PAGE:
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Digging graves with our forks

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WASHINGTON — Americans are sitting around and eating themselves to death, with obesity closing in on tobacco as the nation's No. 1 underlying preventable killer.

The government is offering constructive, even lighthearted, advice to fight what it calls an epidemic of expanding waistlines. Americans will be told in a new ad campaign they can lose midsection "love handles" and double chins one step at a time if they eat less and exercise more.

"We're just too darn fat, ladies and gentlemen, and we're going to do something about it," Health and Human Services Secretary Tommy Thompson said Tuesday at a news conference.

A poor diet and physical inactivity caused 400,000 deaths in 2000, a 33 percent jump over 1990, said a study released Tuesday by the federal Centers for Disease Control and Prevention. Tobacco-related deaths in the same period climbed by less than 9 percent, and the gap between the two narrowed substantially.

The report predicts obesity will surpass tobacco if current trends continue. "Our worst fears were confirmed," said Dr. Julie Gerberding, the CDC's director and an author of the study.

The study is the latest in a long line of research documenting widespread weight gain — and its consequences — among Americans, from children to seniors.

The researchers analyzed data from 2000 for the leading causes of death and for those preventable factors known to contribute to them. Like tobacco, obesity and inactivity increase the risks for the top three killers: heart disease, cancer and such cerebrovascular ailments as strokes. Obesity and a sedentary lifestyle also strongly increase the risk of diabetes, the sixth leading cause of death.

The results appear in Wednesday's Journal of the American Medical Association.

A separate report by the Rand think tank, meanwhile, found that increases in obesity threaten to erase improvements in health among middle-age and older Americans. At current rates, health-care spending on obesity among people 50 to 69 years old is expected to increase by 50 percent by 2020, the study said.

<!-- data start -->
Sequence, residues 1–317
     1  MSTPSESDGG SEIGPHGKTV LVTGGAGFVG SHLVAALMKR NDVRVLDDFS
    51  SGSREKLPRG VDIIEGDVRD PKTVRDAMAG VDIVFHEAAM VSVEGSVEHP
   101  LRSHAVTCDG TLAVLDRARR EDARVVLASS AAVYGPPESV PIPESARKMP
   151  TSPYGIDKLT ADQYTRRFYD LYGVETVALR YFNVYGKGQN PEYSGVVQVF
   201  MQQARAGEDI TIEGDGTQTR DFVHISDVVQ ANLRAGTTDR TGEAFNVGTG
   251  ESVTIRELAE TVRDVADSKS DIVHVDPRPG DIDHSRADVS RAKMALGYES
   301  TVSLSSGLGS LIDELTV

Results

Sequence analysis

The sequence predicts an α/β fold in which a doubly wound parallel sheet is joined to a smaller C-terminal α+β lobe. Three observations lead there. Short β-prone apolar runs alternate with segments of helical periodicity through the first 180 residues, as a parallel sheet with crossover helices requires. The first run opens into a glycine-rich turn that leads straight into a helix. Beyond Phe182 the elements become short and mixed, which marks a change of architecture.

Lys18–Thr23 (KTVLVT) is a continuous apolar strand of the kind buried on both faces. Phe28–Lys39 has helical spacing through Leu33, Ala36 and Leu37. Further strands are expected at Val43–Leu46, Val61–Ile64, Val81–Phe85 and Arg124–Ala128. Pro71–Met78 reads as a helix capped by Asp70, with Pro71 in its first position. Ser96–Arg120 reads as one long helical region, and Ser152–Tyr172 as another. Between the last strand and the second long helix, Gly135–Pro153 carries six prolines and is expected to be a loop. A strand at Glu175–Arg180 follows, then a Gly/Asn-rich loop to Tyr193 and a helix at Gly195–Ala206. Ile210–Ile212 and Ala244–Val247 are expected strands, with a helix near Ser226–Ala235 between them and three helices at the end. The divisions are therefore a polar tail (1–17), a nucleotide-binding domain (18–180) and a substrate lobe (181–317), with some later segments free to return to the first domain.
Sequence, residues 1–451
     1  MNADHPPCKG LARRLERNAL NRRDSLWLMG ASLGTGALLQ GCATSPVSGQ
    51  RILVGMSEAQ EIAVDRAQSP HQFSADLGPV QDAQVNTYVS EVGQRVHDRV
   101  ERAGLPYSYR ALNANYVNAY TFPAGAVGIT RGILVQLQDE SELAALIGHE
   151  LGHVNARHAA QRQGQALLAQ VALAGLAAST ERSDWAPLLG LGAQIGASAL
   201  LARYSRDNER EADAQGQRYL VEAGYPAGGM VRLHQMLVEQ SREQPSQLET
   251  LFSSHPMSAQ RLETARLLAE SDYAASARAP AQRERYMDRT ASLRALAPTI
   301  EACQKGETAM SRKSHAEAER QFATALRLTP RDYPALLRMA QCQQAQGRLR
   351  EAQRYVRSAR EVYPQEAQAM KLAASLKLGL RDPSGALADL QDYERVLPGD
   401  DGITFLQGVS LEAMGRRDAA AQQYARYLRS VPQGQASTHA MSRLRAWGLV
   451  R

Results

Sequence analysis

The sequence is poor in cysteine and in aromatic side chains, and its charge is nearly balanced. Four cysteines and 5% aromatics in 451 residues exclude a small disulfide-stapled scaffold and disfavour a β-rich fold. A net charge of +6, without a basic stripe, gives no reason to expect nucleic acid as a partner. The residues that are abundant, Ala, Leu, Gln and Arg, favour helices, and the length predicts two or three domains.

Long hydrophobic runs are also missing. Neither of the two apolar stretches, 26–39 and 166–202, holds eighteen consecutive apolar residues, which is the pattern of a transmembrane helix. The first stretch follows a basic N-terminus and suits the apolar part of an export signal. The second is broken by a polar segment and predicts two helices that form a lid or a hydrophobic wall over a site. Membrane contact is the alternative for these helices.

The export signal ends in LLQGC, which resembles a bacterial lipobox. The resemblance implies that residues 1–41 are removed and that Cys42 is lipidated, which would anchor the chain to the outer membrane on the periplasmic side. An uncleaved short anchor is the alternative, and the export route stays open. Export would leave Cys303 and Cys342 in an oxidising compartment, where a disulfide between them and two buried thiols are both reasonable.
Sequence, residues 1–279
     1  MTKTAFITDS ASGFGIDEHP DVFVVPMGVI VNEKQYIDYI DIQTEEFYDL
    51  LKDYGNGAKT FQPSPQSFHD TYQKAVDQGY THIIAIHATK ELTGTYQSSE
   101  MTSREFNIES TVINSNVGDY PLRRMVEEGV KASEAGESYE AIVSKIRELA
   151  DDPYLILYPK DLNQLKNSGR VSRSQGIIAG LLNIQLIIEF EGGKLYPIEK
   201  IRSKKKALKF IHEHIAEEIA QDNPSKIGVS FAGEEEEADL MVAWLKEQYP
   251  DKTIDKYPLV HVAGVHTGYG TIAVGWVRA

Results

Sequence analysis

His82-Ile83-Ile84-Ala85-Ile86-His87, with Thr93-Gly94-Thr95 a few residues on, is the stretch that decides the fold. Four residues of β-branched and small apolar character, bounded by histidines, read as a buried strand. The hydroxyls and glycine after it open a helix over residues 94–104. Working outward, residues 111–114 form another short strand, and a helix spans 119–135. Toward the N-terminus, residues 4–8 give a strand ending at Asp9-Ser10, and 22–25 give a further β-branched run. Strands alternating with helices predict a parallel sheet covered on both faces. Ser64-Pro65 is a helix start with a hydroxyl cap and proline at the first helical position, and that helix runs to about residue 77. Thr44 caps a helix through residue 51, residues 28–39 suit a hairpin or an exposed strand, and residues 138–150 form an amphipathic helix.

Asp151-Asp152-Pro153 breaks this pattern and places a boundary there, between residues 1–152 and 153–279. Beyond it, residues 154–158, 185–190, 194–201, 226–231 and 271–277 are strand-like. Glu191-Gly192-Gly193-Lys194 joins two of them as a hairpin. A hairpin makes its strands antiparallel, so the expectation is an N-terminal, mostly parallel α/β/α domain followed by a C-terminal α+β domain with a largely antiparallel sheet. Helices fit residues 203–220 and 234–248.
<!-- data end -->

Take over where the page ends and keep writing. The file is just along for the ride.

Americans' fast-food lifestyle, increased use of computers and a decline in school physical education programs all were cited by Thompson and other officials as factors contributing to the nation's fat problem. Two out of three adults and 9 million children are overweight or obese, they said.

Rather than call for dramatic changes in diet and exercise, Thompson said Americans could begin a gradual exercise program. They could get off the bus a block farther from their homes, he said, and slowly cut back on unhealthful foods.

The new public service announcements debuted by Thompson use humor to tell people they can slowly trim their waistlines. In one ad, someone turns in a pair of love handles found near the stairs in a shopping mall. "Lots of people lose them taking the stairs instead of the escalator," says a clerk at the lost and found.

In another ad, a shopping cart gets stuck on a double chin that someone lost near a supermarket's fruit and vegetable display.

Thompson, a fierce anti-smoking advocate who has trimmed his own waistline since coming to Washington, drew parallels between the drives to stop smoking and to get Americans to eat less and exercise more. But unlike his campaign to end smoking, he is advocating only voluntary measures at this point.

In addition, the Bush administration is seeking to cut funding for the VERB campaign, a CDC project to promote physical activity among 9-to-13-year-olds, from $36 million this year to $5 million in 2005. Gerberding said the program has resulted in a 30 percent increase in exercise among those children.

The Food and Drug Administration also is expected to issue a report on obesity later this week. The FDA has been considering whether to require restaurants to provide more nutrition information and change nutrition labels on food sold in grocery stores and other outlets to help consumers.

McDonald's has announced it will end supersize fries and drinks in its more than 13,000 U.S. restaurants by year's end except for special promotions.

Several soft-drink makers also have announced steps to offer a larger number of healthier products.

The House will debate a bill Wednesday that would shield restaurants and fast-food franchises from lawsuits seeking to blame them for obesity and health problems related to it. The bill was prompted by the fast-food industry's complaints about a rash of lawsuits that fault their food for Americans' bulging bellies.

Many states are making attempts to slow the increase in obesity among children. About two dozen of them are considering bans or limits on vending machine products in schools. Roughly 20 states already restrict students' access to junk food until after lunch.

The Texas Agriculture Department is revamping rules on what foods public schools in the state can serve to their 4.2 million students, cutting out deep-fried foods and reducing fat and sugar in menus.

Contributing: Lindsey Tanner.